Public, private investment spurs Waikiki rebirth

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Travel Weekly Hawaii editor Doug Oakley joined a group of out-of-town mayors on a tour of Waikiki that was part of the city's Mayor's Asia-Pacific Environment Summit in Honolulu.

HONOLULU -- Now that a $13 million revitalization project is nearly complete on Kuhio Beach and in Kapiolani Park here, Honolulu's city fathers are adding more Hawaii to a destination they say had become too much like the rest of urban America and too little like an island getaway.

"Our mayor [Jeremy Harris] is biting the bullet and trying to correct the mistakes of the past and to redesign Waikiki," said Peter Apo, executive director of Honolulu's Office of Waikiki Development. "We are trying to soften the destination to recapture the allure of it."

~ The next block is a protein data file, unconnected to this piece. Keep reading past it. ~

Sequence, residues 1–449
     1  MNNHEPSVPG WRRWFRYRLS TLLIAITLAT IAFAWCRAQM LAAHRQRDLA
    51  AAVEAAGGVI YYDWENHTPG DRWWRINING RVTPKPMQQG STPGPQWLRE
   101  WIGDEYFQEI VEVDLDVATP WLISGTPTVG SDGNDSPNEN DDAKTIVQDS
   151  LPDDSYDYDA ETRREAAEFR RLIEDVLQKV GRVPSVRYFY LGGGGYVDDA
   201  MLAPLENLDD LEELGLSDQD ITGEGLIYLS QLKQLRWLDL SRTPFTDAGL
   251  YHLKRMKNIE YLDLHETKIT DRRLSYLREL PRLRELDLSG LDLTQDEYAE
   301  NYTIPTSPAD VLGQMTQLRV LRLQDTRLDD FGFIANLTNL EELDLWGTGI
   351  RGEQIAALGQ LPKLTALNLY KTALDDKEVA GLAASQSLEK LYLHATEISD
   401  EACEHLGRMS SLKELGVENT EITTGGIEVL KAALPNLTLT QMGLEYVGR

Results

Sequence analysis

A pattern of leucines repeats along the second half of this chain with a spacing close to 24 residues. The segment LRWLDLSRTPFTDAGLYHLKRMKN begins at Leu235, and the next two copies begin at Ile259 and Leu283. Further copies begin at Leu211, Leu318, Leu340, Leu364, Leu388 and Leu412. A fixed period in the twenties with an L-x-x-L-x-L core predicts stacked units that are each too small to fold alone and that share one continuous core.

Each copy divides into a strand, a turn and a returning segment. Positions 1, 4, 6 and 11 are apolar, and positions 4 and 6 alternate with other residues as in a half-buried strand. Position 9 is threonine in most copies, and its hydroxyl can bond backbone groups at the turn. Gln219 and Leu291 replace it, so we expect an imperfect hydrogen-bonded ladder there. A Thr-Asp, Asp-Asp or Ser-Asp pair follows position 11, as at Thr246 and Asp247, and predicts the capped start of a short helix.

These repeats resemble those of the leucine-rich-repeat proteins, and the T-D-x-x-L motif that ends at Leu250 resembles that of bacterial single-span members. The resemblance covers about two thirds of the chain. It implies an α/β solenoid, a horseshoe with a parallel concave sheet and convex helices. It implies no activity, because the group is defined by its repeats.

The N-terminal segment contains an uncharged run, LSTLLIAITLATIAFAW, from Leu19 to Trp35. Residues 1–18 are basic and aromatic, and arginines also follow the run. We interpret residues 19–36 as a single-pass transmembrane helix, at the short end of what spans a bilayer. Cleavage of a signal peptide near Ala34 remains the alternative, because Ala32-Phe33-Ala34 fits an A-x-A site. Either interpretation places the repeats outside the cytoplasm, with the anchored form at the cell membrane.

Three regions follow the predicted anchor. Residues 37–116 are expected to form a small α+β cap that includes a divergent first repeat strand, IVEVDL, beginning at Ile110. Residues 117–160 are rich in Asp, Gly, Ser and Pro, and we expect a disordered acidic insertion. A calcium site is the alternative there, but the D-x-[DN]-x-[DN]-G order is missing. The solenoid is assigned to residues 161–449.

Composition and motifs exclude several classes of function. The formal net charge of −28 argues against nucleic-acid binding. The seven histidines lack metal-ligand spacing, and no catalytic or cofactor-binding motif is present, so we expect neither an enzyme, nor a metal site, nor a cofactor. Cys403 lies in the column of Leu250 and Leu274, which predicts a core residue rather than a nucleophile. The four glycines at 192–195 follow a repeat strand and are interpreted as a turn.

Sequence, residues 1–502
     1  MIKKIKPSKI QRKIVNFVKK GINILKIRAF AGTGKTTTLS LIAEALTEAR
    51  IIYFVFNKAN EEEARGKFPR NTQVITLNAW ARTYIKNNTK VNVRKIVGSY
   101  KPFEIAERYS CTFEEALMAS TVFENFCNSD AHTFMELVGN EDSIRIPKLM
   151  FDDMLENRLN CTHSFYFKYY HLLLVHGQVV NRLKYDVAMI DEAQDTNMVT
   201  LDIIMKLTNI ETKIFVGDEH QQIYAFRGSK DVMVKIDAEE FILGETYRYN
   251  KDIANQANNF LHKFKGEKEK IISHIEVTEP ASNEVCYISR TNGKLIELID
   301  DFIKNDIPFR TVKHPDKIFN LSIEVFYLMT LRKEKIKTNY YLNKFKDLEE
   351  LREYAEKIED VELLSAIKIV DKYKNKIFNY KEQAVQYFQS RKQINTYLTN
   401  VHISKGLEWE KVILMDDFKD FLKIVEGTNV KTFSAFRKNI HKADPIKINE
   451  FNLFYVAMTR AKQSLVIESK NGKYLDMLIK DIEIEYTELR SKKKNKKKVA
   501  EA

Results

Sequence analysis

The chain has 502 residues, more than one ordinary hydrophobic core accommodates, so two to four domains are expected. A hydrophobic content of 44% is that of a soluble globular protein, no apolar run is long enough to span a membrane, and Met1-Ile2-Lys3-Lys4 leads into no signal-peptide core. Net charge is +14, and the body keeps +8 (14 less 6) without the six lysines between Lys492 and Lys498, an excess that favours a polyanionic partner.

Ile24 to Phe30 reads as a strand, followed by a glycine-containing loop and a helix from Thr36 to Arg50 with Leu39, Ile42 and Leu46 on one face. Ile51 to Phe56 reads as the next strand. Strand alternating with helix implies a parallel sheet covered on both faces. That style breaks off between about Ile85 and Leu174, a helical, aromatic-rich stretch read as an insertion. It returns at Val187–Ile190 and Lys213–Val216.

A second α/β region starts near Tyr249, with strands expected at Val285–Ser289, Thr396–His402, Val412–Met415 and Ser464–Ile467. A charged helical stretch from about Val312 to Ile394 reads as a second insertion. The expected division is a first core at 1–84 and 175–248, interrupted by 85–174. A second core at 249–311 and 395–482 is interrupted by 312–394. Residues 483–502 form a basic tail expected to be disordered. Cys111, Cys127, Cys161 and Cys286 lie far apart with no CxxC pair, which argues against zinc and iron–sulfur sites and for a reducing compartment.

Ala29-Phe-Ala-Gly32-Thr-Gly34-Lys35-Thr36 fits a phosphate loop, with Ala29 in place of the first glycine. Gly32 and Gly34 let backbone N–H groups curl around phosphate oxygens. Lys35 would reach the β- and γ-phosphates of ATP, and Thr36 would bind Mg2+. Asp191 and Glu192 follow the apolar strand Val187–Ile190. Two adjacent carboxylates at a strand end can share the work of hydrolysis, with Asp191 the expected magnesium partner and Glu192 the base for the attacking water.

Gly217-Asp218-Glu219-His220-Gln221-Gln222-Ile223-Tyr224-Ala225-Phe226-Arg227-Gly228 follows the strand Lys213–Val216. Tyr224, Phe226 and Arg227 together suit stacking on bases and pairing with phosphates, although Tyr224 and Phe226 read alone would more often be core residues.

Toward that end, he said the city is promoting free cultural events to tourists as an alternative to paid tours and shows; pushing for more sidewalk dining and cafes; completing the two-mile, self-guided Waikiki Historic Trail with historic markers, and kicking off a new business improvement district that has its own trash and sidewalk cleanup crews and paid "Aloha Patrol" members who provide security and general aid to visitors.

A $13 million dollar renovation project aims to redesign the Waikiki waterfront. Apo made the comments on remaking Waikiki to several mainland and foreign mayors on a trolley tour during the Mayor's Asia-Pacific Environmental Summit. The tour was called Visitor Destination Development for the Pacific -- Waikiki, a Story of Do's and Don'ts.

Some of the destination's problems, which the city is now taking steps to counteract, are that Waikiki had become a place where not many locals mingle with visitors; much of the beach is walled off by densely packed high-rise hotels with little beach access, and there is a visitors' perception that Waikiki "looks much like the place you left" on the mainland rather than an exotic island destination.